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Assessing Weighted & Complete Graphs for Hamilton Circuits

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  • 0:01 A Hamilton Circuit
  • 0:55 A Weighted Graph
  • 2:38 A Complete Graph
  • 3:42 Example
  • 4:24 Lesson Summary
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Lesson Transcript
Instructor: Yuanxin (Amy) Yang Alcocer

Amy has a master's degree in secondary education and has taught math at a public charter high school.

Watch this video lesson and you will discover how to find a Hamilton circuit in a weighted graph. You'll also learn how to find the number of Hamilton circuits in a complete graph.

A Hamilton Circuit

Imagine that you're a salesman. You want to visit each house in a certain neighborhood. You have drawn a map of the neighborhood in graph form using dots for houses and lines for the roads connecting the houses. You want to find a route that takes you to each house just once and takes you back to where you started. This type of route is called a Hamilton circuit in graph theory. Such a route visits each vertex just once, and you end where you start. Let's take a look at the graph you have drawn for the neighborhood:

weighted graph

One Hamilton circuit that you can take is with you starting at point B, for example. Then going to points C, D, E, A, G, F, J, I, H and then back to B where you started. You have visited each point or house exactly once, and you ended up where you began.

A Weighted Graph

Now, what if each road had a cost associated with it? For example, say you were driving from house to house. Each road will have a different cost since some roads are longer than others and will require more gas. More gas equals more money. In graph theory, we call a graph where each edge has an associated cost or weight a weighted graph. If we added the cost for the edges, our graph might look like this now:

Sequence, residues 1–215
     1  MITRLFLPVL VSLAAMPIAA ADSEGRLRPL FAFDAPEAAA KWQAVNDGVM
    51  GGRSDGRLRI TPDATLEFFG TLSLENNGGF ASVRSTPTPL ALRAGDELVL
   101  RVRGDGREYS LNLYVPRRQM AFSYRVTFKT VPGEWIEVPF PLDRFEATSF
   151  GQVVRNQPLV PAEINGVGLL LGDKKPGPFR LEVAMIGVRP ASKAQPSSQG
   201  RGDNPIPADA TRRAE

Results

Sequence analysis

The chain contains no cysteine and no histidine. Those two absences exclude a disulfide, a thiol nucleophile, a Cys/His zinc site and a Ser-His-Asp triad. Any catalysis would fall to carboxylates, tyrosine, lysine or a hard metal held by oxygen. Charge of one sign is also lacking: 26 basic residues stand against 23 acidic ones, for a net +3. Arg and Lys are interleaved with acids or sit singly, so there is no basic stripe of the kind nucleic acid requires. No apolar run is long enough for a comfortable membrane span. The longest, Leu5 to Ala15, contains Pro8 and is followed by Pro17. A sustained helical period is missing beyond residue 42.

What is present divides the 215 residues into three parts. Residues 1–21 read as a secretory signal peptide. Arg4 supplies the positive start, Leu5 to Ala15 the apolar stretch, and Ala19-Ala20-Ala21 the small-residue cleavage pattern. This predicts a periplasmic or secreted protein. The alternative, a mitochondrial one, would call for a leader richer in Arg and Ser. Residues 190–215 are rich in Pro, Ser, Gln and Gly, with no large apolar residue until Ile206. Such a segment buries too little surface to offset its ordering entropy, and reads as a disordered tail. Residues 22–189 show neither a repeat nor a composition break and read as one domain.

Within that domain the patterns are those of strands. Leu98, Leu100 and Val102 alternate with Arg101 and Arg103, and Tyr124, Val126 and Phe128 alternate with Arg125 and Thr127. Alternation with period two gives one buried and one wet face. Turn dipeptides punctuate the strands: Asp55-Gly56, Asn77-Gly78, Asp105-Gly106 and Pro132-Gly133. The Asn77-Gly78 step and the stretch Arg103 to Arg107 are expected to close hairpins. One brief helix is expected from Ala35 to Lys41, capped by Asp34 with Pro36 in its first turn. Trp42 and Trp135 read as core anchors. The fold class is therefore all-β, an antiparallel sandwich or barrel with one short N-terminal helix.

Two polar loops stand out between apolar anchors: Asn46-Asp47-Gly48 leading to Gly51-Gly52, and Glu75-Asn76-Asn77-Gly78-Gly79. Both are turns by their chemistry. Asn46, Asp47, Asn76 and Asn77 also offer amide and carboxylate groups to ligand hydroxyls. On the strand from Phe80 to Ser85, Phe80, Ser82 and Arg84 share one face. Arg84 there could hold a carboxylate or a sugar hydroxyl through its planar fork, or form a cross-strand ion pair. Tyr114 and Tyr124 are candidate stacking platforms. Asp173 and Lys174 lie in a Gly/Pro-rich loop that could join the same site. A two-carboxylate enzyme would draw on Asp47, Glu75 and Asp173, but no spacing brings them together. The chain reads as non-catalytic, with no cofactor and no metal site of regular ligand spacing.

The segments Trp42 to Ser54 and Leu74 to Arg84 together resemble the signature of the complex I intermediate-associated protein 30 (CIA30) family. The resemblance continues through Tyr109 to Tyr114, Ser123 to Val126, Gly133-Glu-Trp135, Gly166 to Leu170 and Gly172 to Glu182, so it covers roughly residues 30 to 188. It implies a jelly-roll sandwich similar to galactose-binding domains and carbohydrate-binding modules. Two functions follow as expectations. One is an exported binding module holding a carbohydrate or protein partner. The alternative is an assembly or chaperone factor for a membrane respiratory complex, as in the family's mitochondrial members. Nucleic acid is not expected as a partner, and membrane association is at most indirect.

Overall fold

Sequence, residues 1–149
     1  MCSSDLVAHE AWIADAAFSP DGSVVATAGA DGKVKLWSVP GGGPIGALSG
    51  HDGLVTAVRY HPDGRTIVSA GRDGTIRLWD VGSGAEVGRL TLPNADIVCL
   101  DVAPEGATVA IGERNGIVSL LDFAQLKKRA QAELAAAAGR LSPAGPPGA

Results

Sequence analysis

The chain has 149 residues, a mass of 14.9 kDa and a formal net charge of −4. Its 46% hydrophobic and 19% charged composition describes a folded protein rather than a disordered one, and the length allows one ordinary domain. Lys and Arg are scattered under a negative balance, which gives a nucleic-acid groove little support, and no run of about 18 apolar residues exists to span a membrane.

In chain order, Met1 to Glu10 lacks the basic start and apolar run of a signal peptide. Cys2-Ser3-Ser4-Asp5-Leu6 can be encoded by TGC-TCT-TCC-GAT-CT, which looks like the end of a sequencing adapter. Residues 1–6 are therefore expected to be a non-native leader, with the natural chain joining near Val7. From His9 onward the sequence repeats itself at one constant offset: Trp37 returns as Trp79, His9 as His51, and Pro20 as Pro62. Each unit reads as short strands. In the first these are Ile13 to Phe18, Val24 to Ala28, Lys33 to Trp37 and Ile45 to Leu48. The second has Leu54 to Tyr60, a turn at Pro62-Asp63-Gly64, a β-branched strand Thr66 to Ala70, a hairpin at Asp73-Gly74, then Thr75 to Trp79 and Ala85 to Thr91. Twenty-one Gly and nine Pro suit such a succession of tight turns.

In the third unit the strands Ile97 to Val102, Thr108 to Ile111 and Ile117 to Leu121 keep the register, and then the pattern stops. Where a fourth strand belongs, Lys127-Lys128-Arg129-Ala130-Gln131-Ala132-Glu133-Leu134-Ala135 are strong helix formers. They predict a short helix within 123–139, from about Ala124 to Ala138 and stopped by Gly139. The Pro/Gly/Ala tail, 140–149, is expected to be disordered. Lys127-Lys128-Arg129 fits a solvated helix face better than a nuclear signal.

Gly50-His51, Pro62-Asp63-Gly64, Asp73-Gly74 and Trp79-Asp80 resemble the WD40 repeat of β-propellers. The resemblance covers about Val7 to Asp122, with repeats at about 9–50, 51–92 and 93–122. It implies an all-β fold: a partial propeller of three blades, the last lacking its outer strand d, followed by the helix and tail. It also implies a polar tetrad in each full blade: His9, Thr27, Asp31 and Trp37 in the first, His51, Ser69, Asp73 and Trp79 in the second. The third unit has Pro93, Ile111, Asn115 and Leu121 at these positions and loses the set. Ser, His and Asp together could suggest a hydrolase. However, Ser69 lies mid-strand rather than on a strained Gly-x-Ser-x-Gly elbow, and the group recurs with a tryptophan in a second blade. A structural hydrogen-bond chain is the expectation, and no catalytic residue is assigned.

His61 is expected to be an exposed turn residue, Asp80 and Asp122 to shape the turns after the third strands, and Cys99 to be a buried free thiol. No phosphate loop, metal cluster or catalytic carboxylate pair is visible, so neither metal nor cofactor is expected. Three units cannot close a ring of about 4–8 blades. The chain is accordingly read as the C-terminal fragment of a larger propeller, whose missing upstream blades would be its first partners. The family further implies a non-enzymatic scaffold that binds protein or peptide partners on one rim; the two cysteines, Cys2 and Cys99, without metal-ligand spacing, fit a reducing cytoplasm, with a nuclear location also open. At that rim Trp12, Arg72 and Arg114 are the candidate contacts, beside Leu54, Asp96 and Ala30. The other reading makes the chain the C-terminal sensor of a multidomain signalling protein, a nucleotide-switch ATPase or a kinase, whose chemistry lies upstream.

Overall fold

weighted graph

Now, because we have a cost associated with each edge, our job of finding a Hamilton circuit gets a little bit more complicated. What we need to do now is to find a route that will cost us the least. Hey, as a salesman, you don't want to spend any more money than you have to. The cheaper it is for you to travel, the better. Now, we go along our path, we need to add up the cost associated with each edge, with each road we take. The best Hamilton circuit now is the Hamilton circuit with the least total cost. Looking at our graph and looking at how much it costs to take each road, the best Hamilton circuit is the one that zigzags between the houses. For example, if we start at house B, then go to houses H, C, I, D, J, E, F, A, G and then back to B again, our total cost is 20. Going this way is the cheapest. Of course, we could also start at house C or any other house for that matter and follow the same zigzag pattern. Any of these circuits will be the cheapest and the best. Try going other ways, and add up your costs to see if you can beat the total cost of 20.

A Complete Graph

Let's switch gears for just a moment and talk briefly about another type of graph that has a relation to the number of Hamilton circuits. This type of graph is called a complete graph. It is where each vertex is connected to every other vertex by an edge. For example, the graph below is a complete graph because you can get to any other vertex from any vertex in the graph. You don't have to pass a vertex to get to another.

weighted graph

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